After attending “Discovery” in a previous year or on a Bible college campus, returning students attend the “Orientation” seminars.  These include sessions that help them prepare for going to the field, being able to contextualize the Gospel, learning how to deepen their spiritual walk, and further exposure to the work around the world that is being done by PBT.

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Being a long-time missionary with PBT, I have worked and prayed along with many others that we would continue to find new people who would also desire to see the Bible be translated and be made available to those who do not yet have it in their mother tongue, the language of their heart.

And being a member of our Papua New Guinea Branch of PBT, it has been my hope and prayer that we would be able to recruit some new people for this Branch.  So about a month ago, I had an email dialog with the Acting Director of the PNG Branch, and also with the Area Director of the Pacific Rim.  We came up with the idea of having an invitation to go out for some ice cream with those who would like to hear about PNG and talk informally with them.

This idea caught on and the leadership in Dallas supported this and helped to announce this event for Tuesday night.  The one concern was to work out transportation for the 15 or so people we expected to show up.  So one person thought, “Why not stay on the Linguistic Center and bring the ice cream to the people.”  Brilliant.  So at the afternoon chapel, we asked for a show of hands of those thinking of coming, and over 30 hands went up.  YIKES!

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Wow!! God was stirring the hearts of many people to come hear about translation work in PNG and its neighboring countries.  We had a little problem on our hands, but it was a good problem.  What to do now?  Well, I quickly got the attention of one of the Staff and asked if we could use the Activity Center.  He made a call and someone had approved that.  Then I asked the man running sound and tech stuff if we could get a person to help as we pulled a media presentation together.  He said he would come back and run the boards himself.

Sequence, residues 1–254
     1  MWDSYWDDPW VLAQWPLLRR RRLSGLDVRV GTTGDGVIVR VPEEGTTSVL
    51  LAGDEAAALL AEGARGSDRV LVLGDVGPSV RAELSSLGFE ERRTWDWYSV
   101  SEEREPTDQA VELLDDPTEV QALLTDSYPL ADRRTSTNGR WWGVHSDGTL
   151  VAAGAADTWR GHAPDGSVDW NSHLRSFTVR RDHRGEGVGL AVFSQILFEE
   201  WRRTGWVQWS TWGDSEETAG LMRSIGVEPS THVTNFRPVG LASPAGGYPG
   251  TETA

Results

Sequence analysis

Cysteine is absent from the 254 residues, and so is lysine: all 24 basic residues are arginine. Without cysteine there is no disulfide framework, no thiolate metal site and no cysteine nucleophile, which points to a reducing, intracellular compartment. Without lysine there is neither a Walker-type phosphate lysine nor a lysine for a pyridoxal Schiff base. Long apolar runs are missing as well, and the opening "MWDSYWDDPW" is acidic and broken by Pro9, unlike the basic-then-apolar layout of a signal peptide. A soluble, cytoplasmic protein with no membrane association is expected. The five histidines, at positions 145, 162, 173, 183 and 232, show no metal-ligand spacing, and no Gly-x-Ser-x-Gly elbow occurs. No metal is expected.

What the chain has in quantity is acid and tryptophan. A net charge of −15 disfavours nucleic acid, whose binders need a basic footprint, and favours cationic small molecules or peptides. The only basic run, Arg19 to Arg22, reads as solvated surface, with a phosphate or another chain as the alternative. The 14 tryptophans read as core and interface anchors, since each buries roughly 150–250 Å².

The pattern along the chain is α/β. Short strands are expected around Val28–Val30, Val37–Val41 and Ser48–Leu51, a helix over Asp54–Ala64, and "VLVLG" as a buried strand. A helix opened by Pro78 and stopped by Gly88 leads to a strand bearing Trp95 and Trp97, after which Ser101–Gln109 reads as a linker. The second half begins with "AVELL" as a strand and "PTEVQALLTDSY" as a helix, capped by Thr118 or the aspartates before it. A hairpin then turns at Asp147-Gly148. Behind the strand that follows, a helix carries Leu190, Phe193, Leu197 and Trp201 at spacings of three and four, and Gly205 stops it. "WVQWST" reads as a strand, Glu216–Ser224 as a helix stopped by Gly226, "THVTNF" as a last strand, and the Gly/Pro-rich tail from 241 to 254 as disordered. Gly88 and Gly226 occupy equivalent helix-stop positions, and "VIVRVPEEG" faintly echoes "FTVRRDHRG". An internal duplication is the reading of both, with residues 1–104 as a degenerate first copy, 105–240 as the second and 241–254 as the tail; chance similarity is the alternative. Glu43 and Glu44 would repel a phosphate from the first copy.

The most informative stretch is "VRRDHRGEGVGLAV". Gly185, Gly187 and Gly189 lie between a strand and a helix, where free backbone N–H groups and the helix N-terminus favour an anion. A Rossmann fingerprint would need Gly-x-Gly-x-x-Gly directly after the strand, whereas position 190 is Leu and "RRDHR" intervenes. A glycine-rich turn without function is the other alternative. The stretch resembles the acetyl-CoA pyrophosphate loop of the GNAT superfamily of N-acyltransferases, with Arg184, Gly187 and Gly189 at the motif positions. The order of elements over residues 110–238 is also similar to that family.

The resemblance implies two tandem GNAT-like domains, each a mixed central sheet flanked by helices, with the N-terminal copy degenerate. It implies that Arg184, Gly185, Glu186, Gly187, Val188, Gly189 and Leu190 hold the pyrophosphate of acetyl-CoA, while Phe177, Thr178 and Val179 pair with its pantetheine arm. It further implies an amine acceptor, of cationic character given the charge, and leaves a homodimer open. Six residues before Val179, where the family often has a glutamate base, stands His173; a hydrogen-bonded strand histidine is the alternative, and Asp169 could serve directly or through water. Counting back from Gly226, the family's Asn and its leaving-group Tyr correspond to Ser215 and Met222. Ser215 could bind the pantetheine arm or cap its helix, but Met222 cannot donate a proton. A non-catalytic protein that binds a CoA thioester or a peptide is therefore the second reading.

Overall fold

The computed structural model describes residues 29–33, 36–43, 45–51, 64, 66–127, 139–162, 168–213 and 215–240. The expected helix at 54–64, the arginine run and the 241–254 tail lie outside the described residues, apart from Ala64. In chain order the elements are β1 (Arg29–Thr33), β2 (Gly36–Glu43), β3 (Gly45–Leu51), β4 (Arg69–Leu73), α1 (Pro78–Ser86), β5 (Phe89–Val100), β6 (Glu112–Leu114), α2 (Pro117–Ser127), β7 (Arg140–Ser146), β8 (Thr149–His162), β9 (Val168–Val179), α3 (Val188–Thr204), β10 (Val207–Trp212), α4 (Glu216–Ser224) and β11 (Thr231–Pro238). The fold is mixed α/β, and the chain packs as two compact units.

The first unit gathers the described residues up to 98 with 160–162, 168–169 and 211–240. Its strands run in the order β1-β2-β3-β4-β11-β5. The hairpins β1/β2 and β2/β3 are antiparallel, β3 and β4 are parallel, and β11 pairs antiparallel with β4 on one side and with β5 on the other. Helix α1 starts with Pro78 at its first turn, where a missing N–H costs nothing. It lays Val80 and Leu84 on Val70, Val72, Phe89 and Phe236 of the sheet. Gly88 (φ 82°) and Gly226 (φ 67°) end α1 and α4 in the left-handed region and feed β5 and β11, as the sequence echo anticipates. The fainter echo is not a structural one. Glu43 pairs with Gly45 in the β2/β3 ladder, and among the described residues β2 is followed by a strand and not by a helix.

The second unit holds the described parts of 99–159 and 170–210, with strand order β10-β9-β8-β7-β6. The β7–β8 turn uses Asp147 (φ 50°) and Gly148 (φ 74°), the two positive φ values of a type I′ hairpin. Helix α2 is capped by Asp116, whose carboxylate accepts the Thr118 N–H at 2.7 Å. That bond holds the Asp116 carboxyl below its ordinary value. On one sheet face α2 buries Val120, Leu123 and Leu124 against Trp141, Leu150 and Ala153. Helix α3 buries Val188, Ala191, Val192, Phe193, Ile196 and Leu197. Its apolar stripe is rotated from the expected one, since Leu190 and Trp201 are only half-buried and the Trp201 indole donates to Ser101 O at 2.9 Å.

Then we phoned the Area Director and said, “GET MORE ICE CREAM!!”  Over a hasty supper meeting, I talked with the Acting Director, the Branch Missionary Care person, and another PNG missionary who had finished their project.  I asked permission to be the emcee and I quickly made suggestions as to how each person could contribute.

And it was wonderful!  Everyone pitched in with only about an hour notice and we were ready to run a major presentation in the hopes to interest some of the people attending this PMI to consider coming to our region of the world as new missionaries.  Our PNG Branch has some wonderful people, but we have been needing some new blood for quite a while now.  (Praise God, four new people have just started there earlier this year.)

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When the time came to start our event, I was overcome with excitement and amazement.  Including all those helping to do the presentation, there were 55 people in the room.  Hallelujah!!  God is stirring in the hearts of these people.  And then, for an hour and a half, God gave me the strength to emcee the program, to walk around the room, to tell gripping emotional stories about life in PNG, and not experience pain or fatigue.

This is a small miracle in itself.  I had already had a busy day, which usually will wipe out my energy and lead to pain and fatigue.  But for four hours, from the time the people put their hands up until the end of the program, God energized my body, gave clarity of mind, loosened my muscles, and spoke through my mouth.  Only by the power of God could this ever be possible.

And then when it was finished, so was I.  There I was, sitting in a chair at the front, and not being able to move my right arm or leg.  My energy bank was depleted.  And that is why I needed two men to help me get back to my room and help me get into bed.  So was that a bad night?  Certainly not!!  God used me for a very important purpose, to expand His Kingdom work and find others who share that passion.  By morning I would regain my strength, but through the night, I was filled with His joy.